The sixth-generation Vette bowed in 2005. It had the first fixed headlights in 40 years. The interior was enlarged for improved passenger comfort and offered a navigation system for the first time. Convertibles got the first Corvette power top option since 1962. The Z06 was revived in 2006 equipped with a 7.0-liter, 505-hp V-8. To cut weight, it was based on an aluminum frame and a magnesium engine cradle. In 2009, the C6 got anew ZR1 performance model called the "Blue Devil." This super Vette had a supercharged engine with 638 hp and a top speed of 205 mph. In 2010, a Grand Sport was also added to the line. It had the base 6.2-liter engine teamed with Z06 style chassis upgrades.

The C7 Vette bowed in 2014 with improvements such as aluminum frames becoming standard on all models and the Stingray returning on base models. A 6.2-liter 455-hp V-8 was included. The Z06 returned in 2015 with a 6.2-liter 650-hp supercharged V-8. It offered manual and automatic gearboxes, as well as coupe and convertible styles. A Grand Sport with the base Stingray V-8 and Z06 suspension bits arrived in 2017, followed by a 2019 ZR-1 with a 755-hp 6.2L V-8. It went 0-to-60 mph in 2.8 seconds.

After years of rumors, a mid-engined Corvette arrived in 2020. This C8 Corvette had a 490-hp version of the 6.2-liter LT2 V-8 (495 hp with performance exhaust). The base Z51 version did 0-to-60 in three seconds. Attached to the new engine was an eight-speed, dual-clutch transmission. The C8 featured targa-type body styling and a jet aircraft inspired interior layout. The Corvette factory in Bowling Green, Ken., began building C8s late in 2019 and the original target price for retail customers was under $60,000.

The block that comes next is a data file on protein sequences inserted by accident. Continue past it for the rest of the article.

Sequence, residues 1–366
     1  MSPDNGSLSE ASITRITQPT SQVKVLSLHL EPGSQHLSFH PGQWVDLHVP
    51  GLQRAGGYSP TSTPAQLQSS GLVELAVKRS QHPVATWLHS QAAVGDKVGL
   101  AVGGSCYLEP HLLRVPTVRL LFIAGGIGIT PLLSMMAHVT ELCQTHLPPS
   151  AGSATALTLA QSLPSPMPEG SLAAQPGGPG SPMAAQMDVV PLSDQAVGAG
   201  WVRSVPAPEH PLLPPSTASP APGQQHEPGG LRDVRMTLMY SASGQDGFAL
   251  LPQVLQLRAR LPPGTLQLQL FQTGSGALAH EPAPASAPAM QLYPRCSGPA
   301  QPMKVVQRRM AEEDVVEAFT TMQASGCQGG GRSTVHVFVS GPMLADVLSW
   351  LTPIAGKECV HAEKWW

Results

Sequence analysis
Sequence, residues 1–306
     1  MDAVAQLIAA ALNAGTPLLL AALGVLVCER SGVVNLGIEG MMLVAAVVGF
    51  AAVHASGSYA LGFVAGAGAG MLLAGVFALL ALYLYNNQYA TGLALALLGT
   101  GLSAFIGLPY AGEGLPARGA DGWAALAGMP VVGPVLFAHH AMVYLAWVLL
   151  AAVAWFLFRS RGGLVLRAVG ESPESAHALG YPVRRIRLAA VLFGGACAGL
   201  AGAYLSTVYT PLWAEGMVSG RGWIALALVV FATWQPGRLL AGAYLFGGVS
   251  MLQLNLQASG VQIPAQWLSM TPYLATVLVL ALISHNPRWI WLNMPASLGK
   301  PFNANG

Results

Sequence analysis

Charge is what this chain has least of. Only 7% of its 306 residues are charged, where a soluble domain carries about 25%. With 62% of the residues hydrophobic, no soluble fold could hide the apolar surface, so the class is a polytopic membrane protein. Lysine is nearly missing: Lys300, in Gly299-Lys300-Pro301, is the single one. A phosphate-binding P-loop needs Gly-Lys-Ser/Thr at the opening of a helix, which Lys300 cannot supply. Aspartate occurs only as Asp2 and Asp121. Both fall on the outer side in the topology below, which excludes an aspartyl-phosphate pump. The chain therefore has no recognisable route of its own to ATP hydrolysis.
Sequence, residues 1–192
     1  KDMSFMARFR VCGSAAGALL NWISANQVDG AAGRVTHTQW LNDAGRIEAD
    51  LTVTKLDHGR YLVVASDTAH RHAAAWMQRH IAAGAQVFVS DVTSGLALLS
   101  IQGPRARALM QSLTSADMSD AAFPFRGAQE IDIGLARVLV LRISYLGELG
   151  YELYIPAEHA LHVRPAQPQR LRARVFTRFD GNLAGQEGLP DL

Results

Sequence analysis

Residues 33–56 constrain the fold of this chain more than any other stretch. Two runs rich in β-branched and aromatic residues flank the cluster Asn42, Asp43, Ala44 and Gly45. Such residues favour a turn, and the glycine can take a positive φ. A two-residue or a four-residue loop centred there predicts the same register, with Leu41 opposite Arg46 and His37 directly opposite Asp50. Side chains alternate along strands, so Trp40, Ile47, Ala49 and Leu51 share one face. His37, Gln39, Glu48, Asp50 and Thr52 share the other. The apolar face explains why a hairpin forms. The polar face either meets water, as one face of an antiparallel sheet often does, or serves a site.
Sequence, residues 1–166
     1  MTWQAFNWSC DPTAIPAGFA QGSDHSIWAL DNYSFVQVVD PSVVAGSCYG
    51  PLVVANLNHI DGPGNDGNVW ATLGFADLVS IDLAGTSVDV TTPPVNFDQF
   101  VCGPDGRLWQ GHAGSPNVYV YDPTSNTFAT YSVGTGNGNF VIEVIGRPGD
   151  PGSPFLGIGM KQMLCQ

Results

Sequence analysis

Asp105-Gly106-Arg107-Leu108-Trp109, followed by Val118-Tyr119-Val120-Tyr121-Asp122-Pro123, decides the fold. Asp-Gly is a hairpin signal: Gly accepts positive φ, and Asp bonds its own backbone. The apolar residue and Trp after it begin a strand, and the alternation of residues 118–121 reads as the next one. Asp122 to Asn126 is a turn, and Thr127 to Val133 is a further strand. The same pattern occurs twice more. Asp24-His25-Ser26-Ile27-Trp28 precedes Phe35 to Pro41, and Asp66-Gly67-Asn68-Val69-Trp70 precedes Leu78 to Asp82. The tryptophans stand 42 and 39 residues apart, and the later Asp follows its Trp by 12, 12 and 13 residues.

Click Here to Begin Slideshow

Corvette Marks its 70th Anniversary in 2023

Corvette Marks its 70th Anniversary in 2023

Corvette Marks its 70th Anniversary in 2023

Corvette Marks its 70th Anniversary in 2023

2003-min

Corvette Marks its 70th Anniversary in 2023

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About John Gunnell 143 Articles
John “Gunner” Gunnell has been writing about cars since ‘72. As a kid in Staten Island, N.Y., he played with a tin Marx “Service Garage” loaded with toy vehicles, his favorite being a Hubley hot rod. In 2010, he opened Gunner’s Great Garage, in Manawa, Wis., a shop that helps enthusiasts restore cars. To no one’s surprise, he decorated 3G’s with tin gas stations and car toys. Gunner started writing for two car club magazines. In 1978, publisher Chet Krause hired him at Old Cars Weekly, where he worked from 1978-2008. Hot rodding legend LeRoi “Tex” Smith was his boss for a while. Gunner had no formal journalism training, but working at a weekly quickly taught him the trade. Over three decades, he’s met famous collectors, penned thousands of articles and written over 85 books. He lives in Iola, Wis., with his nine old cars, three trucks and seven motorcycles.